• 1

    Wongsrichanalai C, Murray CK, Gray M, Miller RS, McDaniel P, Liao WJ, Pickard AL, Magill AJ, 2003. Co-infection with malaria and leptospirosis. Am J Trop Med Hyg 68 :583–585.

    • Search Google Scholar
    • Export Citation
  • 2

    Bharti AR, Nally JE, Ricaldi JN, Matthias MA, Diaz MM, Lovett MA, Levett PN, Gilman RH, Willig MR, Gotuzzo E, Vinetz JM, 2003. Leptospirosis: a zoonotic disease of global importance. Lancet Infect Dis 3 :757–771.

    • Search Google Scholar
    • Export Citation
  • 3

    Levett PN, 2001. Leptospirosis. Clin Microbiol Rev 14 :296–326.

  • 4

    Hospenthal DR, Murray CK, 2003. In vitro susceptibilities of seven Leptospira species to traditional and newer antibiotics. Antimicrob Agents Chemother 47 :2646–2648.

    • Search Google Scholar
    • Export Citation
  • 5

    Murray CK, Hospenthal DR, 2004. Broth microdilution susceptibility testing for Leptospira spp. Antimicrob Agents Chemother 48 :1548–1552.

    • Search Google Scholar
    • Export Citation
  • 6

    National Committee for Clinical Laboratory Standards (NC-CLS), 1997. Methods for Dilution Antimicrobial Susceptibility Tests for Bacteria That Grow Aerobically. Fourth Edition. Approved Standard. NCCLS document M7-A4. Wayne, PA: National Committee for Clinical Laboratory Standards.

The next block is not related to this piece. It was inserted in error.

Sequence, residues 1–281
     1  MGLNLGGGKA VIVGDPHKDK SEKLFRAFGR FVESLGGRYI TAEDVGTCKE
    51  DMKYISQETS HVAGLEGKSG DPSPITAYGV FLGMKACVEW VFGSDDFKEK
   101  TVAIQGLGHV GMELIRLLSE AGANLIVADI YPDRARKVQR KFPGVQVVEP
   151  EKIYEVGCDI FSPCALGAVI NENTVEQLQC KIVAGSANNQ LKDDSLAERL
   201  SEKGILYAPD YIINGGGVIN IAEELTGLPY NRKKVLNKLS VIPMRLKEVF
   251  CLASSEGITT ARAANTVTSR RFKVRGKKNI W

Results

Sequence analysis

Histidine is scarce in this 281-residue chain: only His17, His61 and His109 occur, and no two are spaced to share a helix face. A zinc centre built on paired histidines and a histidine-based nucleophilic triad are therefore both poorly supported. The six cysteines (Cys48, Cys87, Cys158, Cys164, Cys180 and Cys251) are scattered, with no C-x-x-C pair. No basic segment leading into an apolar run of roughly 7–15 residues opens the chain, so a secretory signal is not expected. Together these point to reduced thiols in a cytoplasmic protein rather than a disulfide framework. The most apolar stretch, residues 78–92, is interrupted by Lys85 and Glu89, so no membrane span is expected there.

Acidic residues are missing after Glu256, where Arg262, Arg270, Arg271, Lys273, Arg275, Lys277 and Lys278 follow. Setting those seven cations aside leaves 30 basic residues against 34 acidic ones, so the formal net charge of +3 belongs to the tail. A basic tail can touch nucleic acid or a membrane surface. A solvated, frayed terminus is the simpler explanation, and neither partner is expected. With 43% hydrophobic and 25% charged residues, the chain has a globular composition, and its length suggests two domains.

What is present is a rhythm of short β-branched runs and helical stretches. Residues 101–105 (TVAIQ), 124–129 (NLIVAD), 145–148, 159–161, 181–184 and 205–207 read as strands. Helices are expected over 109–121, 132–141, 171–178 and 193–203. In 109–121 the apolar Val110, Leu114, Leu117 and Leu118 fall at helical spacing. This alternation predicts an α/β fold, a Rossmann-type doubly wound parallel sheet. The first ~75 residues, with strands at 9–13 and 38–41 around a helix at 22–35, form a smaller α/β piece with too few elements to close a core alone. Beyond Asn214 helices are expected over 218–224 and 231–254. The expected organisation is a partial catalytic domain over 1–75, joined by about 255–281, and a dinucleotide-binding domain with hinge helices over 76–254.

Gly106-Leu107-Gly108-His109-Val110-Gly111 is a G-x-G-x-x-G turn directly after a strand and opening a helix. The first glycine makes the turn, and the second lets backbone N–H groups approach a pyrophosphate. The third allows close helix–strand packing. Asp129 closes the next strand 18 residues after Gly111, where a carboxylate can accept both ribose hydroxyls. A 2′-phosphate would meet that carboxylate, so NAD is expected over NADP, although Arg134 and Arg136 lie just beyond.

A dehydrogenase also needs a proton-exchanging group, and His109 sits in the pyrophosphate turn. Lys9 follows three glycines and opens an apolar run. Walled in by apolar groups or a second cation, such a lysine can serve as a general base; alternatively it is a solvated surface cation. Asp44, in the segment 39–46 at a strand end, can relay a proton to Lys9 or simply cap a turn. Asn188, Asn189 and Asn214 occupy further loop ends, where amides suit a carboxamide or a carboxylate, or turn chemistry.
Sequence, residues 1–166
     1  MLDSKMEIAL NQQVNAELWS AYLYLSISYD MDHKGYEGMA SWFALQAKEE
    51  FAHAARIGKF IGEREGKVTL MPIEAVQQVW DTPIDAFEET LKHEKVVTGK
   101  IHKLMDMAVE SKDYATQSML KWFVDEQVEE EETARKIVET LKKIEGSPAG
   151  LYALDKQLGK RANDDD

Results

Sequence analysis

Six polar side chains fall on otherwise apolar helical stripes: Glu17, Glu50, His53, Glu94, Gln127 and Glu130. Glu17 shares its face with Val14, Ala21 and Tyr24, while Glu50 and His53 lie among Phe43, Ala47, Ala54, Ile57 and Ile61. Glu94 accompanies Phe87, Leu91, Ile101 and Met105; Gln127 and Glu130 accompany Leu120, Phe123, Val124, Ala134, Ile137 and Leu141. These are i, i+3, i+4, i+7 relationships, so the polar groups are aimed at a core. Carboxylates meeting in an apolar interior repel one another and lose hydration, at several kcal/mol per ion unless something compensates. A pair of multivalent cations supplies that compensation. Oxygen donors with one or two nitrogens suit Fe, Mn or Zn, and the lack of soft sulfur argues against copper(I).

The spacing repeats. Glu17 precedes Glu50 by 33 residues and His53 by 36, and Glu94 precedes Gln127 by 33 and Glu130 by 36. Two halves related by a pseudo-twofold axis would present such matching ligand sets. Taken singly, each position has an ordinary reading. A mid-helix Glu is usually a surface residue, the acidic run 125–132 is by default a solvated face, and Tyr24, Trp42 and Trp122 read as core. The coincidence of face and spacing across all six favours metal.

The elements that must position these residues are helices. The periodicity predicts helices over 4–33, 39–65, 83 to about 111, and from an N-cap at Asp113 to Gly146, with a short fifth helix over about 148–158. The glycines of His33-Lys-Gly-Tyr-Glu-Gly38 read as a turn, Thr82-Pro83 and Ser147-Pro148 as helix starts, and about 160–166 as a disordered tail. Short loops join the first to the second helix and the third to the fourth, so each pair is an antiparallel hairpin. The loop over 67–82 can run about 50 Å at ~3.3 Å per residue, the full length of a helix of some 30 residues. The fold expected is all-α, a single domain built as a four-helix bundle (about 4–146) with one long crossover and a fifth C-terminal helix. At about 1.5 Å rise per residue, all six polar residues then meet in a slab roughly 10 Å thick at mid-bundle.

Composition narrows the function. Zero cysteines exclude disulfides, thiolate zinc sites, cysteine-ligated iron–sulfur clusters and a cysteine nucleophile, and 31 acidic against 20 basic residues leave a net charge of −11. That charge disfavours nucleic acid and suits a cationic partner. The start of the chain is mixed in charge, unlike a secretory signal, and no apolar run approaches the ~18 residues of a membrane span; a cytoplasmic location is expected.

• 7

    Lell B, Kremsner PG, 2002. Clindamycin as an antimalarial drug: review of clinical trials. Antimicrob Agents Chemother 46 :2315–2320.

  • 8

    Krudsood S, Buchachart K, Chalermrut K, Charusabba C, Treeprasertsuk S, Haoharn O, Duangdee C, Looareesuwan S, 2002. A comparative clinical trial of combinations of dihydroartemisinin plus azithromycin and dihydroartemisinin plus mefloquine for treatment of multidrug falciparum malaria. Southeast Asian J Trop Med Public Health 33 :525–531.

    • Search Google Scholar
    • Export Citation
  • 9

    Taylor WR, Richie TL, Fryauff DJ, Picarima H, Ohrt C, Tang D, Braitman D, Murphy GS, Widjaja H, Tjitra E, Ganjar A, Jones TR, Basri H, Berman J, 1999. Malaria prophylaxis using azithromycin: a double-blind, placebo controlled trial in Irian Jaya, Indonesia. Clin Infect Dis 28 :74–81.

    • Search Google Scholar
    • Export Citation